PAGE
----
Your 'Totalt' Guide To Melodifestivalen And Why Scandinavian Pop Rules The World

God dag! (That's Swedish for "Hello"!) I'm Sam Lansky, and I think I was probably Swedish in a past life, because we're going Scandinavian-crazy for this week's edition of Pop Think.

Much of the world is currently gearing up for Eurovision, the endlessly cheesy but ultimately lovable international contest to determine -- wait for it! -- the best song in the entire world. Which is like, amazing, right? My favorite entries usually come from Sweden, Denmark and Norway, since Scandinavia is basically the epicenter of all pop genius. And because U.S. listeners don't normally get exposed to these incredible imports, I'm sorting through the mass of entries to pick out some of the best tracks deserving of American attention.

Right now, get ready to go global, because I'm taking y'all on a wild ride across the Atlantic. And you know what they say: Once you go Scandinavian, you never go back. (That's the expression, right?)

Swedish musician Loreen

It's shocking that the Eurovision Song Contest isn't better known in the United States, given that it's such a big deal in much of the world, even if it's often mocked for its goofy self-seriousness. The annual songwriting contest allows participating nations to submit each country's best tune. Each song is performed in a massive "American Idol"-style concert, and viewers can vote for their favorite song. A winner is then crowned, bringing great pride to their home country. In recent years, as many as 600 million people (!!!!!!!!!!!!) have tuned in to watch the contest (that's, like, 10 percent of the population of the world, for you mathletes out there), and Eurovision is responsible for launching the careers of little acts like Abba and Celine Dion. Heard of them? Yeah. Exactly.

But prior to Eurovision, each participating country holds their own national competition. In Sweden, it's Melodifestivalen, in Norway, Melodi Grand Prix and in Denmark, it's Dansk Melodi Grand Prix. And these countries are SLAYING the entire game right now. Especially Sweden -- with the best pop songwriters and producers in the world (think Max Martin and Bloodshy & Avant) as well as some of the best pop stars in the game (Robyn, anyone?) coming from that part of the world, I'm pretty convinced that there's something in the water out there. And luckily for us, these songs are often written in English and penned and produced with top-notch producers, which means they sound pretty freakin' good to American ears.

+ Read more about why Scandinavia is dominating pop music after the jump.

Denmark has already selected their Eurovision entry with Soluna Salay's "Should've Known Better," a lovely if understated guitar-driven midtempo, but a few other entries grabbed my attention; it was hard to argue with Ditte Marie's Kylie-biting euphoric "Overflow," which has a pummeling beat and sing-along lyrics, as well as Valen:tine's "Nowhere," which evokes Avril Lavigne's "I'm With You," but with a deliciously grungy bridge. Better still from Denmark, in my opinion, was Jesper Nohrstedt's "Take Our Hearts," one of the finest songs I've heard this year. It's like Coldplay's "Viva La Vida" mashed up with Leona Lewis & Avicii's underrated "Collide," with dulcet pianos and layers of impeccably crooned vocals cascading over a sharp house beat. For my part, I think Jesper Nohrstedt was robbed, but hey, there's always next year.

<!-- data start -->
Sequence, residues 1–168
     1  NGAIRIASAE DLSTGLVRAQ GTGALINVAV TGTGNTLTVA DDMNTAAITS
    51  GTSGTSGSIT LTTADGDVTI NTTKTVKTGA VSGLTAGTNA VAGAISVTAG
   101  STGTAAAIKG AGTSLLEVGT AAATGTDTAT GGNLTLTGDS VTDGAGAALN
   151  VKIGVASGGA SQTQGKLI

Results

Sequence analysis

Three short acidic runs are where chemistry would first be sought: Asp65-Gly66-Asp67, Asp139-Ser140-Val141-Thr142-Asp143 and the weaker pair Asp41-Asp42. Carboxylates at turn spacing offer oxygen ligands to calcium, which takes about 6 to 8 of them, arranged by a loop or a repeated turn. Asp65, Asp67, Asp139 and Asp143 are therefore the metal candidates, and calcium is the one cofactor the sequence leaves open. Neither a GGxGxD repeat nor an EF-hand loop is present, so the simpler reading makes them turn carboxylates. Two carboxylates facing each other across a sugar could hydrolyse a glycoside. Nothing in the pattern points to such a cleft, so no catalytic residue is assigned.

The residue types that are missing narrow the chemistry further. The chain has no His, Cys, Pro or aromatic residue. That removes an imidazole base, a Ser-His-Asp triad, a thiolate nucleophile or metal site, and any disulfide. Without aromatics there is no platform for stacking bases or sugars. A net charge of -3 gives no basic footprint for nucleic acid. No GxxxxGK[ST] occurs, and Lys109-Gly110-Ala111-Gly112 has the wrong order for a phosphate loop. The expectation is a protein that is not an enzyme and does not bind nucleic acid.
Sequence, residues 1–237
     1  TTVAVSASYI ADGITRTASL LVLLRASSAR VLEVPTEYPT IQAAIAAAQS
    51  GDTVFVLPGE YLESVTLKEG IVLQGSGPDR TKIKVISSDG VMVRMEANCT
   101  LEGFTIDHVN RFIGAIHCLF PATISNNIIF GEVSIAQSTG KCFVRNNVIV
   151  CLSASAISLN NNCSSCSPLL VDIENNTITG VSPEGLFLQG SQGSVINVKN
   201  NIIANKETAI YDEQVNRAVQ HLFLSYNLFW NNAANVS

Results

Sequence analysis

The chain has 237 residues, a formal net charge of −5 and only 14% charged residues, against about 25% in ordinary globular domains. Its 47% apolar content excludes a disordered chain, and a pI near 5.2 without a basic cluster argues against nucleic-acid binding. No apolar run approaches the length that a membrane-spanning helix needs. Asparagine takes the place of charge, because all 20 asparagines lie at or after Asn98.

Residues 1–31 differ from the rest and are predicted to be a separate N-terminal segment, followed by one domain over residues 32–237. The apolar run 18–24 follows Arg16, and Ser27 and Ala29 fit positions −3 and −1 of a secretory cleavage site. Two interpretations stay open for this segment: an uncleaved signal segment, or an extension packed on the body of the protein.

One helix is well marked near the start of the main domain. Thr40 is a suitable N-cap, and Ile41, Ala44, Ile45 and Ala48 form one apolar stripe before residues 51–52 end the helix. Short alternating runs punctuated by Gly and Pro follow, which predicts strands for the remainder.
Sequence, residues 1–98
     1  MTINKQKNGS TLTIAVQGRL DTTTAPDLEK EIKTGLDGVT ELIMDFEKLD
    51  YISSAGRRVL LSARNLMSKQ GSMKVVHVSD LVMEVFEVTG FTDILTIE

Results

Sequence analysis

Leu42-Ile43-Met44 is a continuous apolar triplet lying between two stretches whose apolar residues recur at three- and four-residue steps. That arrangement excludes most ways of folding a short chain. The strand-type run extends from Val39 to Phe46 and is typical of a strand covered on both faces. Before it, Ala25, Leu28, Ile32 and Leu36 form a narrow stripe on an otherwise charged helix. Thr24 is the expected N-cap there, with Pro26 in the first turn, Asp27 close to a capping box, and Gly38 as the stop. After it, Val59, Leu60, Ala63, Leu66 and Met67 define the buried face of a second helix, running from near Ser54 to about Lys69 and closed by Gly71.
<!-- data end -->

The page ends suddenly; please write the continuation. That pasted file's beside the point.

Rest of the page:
Norway's got some stiff competition, too, with a few standout tracks that are hard to resist. Minnie-Oh's "You and I" is a grinding slab of electro-pop lushness, while my beloved Lise Karlsnes, who has a terrific track record of making Robyn-esque future-pop with surging hooks (see "Red Hot" for more), released my favorite Norwegian entry: "Sailors," a fantastically exuberant ditty that shows off Lise's wistful vocals and unique swagger.

But, of course, Melodifestivalen always reigns supreme, and even now that the show's only just kicked off, an early favorite has emerged: "Euphoria" by the bewitching Swedish chanteuse Loreen, who first rose to fame as a contestant on Swedish Idol back in 2004 before reinventing herself in time for last year's Melodifestivalen, where she first performed her smash "My Heart Is Refusing Me," an achingly sad and chilling dance-pop dirge that features some of the best vocals, like, ever. I'm talking history of the world. (It later hit the Top 10 in Sweden.) Her follow-up effort, "Sober," is a haunting ode to a regrettable one-night-stand that has the same crying-on-the-dance floor vibe, but even more amped up.

But the new single, "Euphoria," might be her best to date: Although she's only just premiered it live (the studio version is forthcoming), her Melodifestivalen performance is remarkable, with crushingly powerful vocals and ninja-style dance moves (plus a well-placed wind machine!) that must be seen to be believed. In an interview with the excellent pop blog Scandipop, Loreen called the song "mystical," and that's exactly what it is -- almost otherworldly haunting, but with a jubilant pop chorus that you can't get out of your head.

I'm putting my money on Loreen to take the top prize at Melodifestivalen during the finals in a few weeks, and she might even have a chance of winning the whole Eurovision shebang with a track as enormous as "Euphoria," especially given the attention that Stateside bloggers have begun sending her way. I may be missing Melodifestivalen this year, but I think if I launch a Kickstarter now, I should have enough to make my way back to my spiritual homeland by 2013.

Sam Lansky is a writer and editor from New York City. He goes hard for Swedish pop music, "Real Housewives" GIFs and juice. Follow him on Twitter or Tumblr.

Photo credit: Loreen